The Opioid Crisis in America

I’ve seen this term tossed around recently and didn’t pay much attention to it.  I knew that it was a problem, and had seen the first-hand effects in my resident clinic.  Mostly I dealt with patients written off as having chronic pain and now dependent on large doses of opiates. Some patients would come to my office asking me to continue their already existing 240 tablet monthly Norco prescriptions.  For most, my reluctance to continue that care plan led them to seek medical care elsewhere, but a select few stuck with me and I worked to address somatic complaints with non-narcotic treatments, wean them off the opiates, and address underlying psycho-social issues.  Looking back, it was one of the few things I miss about clinic and developing long-term relationships with patients.  Now that my practice as a Hospitalist is episodic, my personal investment in each patient feels smaller.

The White House has chimed in on this issue, in 2011 they published a plan outlining education, monitoring, and enforcement goals.  More recently, the White House blasted AstraZeneca’s 5 million dollar Super Bowl ad touting a new treatment for opioid induced constipation.

Physicians have been under the magnifying glass also.  Just last year a Southern California physician was convicted of murder after several overdose deaths were linked to her loose prescribing habits, which were in turn fueled by greed in a clinic making several million dollars annually.

The thing that really got me thinking was a study presented during a palliative care lecture.  The premise was an elderly patient with stage 4 lung cancer and a family member at bedside insisting that the ER doc intubate her loved one.  68% of emergency physicians surveyed responded that performing the intubation would take less time than having a discussion about goals of care.  

So, is the traditional bureaucratic response to this problem appropriate?  Should we add more education, monitoring, enforcement, data gathering and analysis?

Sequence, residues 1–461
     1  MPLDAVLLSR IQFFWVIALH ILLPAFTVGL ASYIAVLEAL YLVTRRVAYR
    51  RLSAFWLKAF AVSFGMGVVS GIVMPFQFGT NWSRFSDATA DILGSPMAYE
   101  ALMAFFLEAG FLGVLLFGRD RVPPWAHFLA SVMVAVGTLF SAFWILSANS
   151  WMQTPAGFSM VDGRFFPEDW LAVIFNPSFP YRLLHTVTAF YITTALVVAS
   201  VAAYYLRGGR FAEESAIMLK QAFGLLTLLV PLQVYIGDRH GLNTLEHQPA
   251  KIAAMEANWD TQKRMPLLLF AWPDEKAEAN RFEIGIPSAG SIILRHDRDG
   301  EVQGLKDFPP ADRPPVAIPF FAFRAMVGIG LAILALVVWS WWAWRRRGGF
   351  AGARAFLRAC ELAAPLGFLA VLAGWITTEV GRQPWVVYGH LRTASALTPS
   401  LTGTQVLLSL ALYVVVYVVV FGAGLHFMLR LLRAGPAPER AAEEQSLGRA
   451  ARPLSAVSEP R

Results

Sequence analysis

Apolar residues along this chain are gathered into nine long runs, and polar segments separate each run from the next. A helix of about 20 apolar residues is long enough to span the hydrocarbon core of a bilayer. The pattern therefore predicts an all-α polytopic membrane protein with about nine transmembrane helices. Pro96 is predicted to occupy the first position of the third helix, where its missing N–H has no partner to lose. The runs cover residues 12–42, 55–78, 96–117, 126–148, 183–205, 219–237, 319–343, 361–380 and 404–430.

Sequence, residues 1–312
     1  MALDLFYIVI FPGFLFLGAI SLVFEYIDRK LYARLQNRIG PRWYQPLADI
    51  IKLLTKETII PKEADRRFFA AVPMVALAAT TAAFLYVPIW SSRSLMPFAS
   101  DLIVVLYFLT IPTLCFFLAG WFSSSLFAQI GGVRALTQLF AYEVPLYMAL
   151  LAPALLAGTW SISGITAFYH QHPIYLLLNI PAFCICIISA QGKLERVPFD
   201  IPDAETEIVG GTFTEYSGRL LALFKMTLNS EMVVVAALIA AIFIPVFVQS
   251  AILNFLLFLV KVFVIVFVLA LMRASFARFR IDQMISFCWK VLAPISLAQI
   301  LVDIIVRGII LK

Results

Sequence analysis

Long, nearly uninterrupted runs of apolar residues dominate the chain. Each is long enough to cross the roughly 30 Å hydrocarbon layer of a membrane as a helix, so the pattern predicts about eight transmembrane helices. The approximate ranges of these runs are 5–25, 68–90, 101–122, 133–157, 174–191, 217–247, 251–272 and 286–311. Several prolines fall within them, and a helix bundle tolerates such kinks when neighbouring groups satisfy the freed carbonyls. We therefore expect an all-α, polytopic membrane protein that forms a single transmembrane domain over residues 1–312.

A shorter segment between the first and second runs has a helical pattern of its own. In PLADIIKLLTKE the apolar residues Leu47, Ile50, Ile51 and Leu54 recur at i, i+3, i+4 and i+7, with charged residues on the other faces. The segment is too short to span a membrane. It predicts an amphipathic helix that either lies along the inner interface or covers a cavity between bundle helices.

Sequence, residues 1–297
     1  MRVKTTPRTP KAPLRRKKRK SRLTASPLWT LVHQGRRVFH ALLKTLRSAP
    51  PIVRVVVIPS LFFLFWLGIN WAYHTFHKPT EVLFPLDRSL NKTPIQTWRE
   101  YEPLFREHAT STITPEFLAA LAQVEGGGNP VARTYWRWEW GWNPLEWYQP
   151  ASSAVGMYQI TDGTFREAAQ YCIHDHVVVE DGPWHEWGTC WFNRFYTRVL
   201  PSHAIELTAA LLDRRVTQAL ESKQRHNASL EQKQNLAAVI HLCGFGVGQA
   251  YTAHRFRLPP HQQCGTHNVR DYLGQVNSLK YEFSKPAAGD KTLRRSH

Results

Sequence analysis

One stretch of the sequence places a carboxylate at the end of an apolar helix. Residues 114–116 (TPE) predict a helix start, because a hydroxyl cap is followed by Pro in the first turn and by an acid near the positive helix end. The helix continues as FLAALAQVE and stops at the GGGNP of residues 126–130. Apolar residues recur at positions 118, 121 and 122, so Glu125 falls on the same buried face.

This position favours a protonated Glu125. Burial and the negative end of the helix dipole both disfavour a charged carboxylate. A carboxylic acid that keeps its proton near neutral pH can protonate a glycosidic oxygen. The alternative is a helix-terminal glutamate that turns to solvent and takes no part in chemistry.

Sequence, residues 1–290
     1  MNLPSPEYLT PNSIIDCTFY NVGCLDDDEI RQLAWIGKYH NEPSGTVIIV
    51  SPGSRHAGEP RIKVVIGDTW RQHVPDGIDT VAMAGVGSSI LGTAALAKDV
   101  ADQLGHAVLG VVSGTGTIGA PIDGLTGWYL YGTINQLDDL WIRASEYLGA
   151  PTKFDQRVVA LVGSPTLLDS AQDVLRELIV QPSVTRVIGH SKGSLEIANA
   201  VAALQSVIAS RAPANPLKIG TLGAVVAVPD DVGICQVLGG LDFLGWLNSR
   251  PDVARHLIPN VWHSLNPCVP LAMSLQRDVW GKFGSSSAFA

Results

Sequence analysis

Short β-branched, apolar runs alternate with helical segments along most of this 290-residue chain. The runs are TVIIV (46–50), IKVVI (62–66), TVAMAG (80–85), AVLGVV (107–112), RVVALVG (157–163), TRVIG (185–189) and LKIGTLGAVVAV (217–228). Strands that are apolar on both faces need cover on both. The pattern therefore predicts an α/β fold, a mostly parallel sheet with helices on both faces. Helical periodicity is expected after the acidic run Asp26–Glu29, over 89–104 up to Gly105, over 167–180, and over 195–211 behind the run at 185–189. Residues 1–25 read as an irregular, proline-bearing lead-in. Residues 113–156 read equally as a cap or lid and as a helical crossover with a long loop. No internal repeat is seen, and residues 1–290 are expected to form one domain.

Practitioners in modern medical practice are already saddled with the ever-increasing complexity of electronic documentation, coding, billing, tracking, monitoring, and regulatory oversight.

We need to treat this as a SYMPTOM and not the disease.  It is my opinion that physician detachment, fueled by the fire of medical bureaucracy has forced physicians into a position where patient care comes second to the care they give the chart.  Time has become a commodity that physicians have to fight for.  Gone are the times of the independent medical practice.  The onerous burden of administration in medical practice has made us beholden to our corporate masters.  Decisions about patient workloads are now in the hands of people with MBAs who know almost nothing about patient care.

This physician disengagement has led us to a place where 68% of ER docs think it would be easier to intubate the dying patient than to talk about it, even though they thought it was the wrong thing to do!

I have seen the same phenomena creep into my practice.  It’s annoying for me to spend 20 minutes explaining why I think Tylenol and Ibuprofen are appropriate for my patient’s pain control after they leave the hospital.  It only takes me 30 seconds to fulfill my patient’s narcotic wishes with a prescription.

I was hopeful listening to the Surgeon General’s remarks today.  He talked about plans to address the opioid crisis, and his upcoming report on addiction and substance abuse:

“We’re going to stop treating addiction as a moral failing, and start seeing it for what it is: a chronic disease that must be treated with urgency and compassion…”

One of the tools that emerged to help prescribers is a PDMP, or prescription drug monitoring program.  This allows providers to look up pharmacy records online and see if patients are getting narcotics from other sources.  In Oregon, the program was so terribly implemented that it was almost not worth using.  The time and work required to log in, search, and find what you were looking for was not worth it.  

I hope that we can emphasize the importance of supporting physicians in this fight, because it is a valuable one. 

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